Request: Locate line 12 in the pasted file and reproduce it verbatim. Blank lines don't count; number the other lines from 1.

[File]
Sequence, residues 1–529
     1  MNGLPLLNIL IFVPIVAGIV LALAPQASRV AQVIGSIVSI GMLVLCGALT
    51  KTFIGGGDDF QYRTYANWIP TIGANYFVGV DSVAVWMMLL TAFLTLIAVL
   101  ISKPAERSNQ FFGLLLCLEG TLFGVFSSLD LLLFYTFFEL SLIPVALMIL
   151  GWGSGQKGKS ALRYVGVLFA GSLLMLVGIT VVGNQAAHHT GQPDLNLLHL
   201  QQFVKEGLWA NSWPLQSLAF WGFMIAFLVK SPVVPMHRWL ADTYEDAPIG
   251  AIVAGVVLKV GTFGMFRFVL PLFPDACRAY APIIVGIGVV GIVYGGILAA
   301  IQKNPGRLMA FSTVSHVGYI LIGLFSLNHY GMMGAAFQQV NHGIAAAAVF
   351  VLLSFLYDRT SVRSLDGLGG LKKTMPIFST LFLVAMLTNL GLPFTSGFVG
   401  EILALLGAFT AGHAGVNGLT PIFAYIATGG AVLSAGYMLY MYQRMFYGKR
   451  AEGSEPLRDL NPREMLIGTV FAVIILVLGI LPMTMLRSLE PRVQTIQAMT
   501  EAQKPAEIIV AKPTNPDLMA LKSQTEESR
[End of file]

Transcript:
   501  EAQKPAEIIV AKPTNPDLMA LKSQTEESR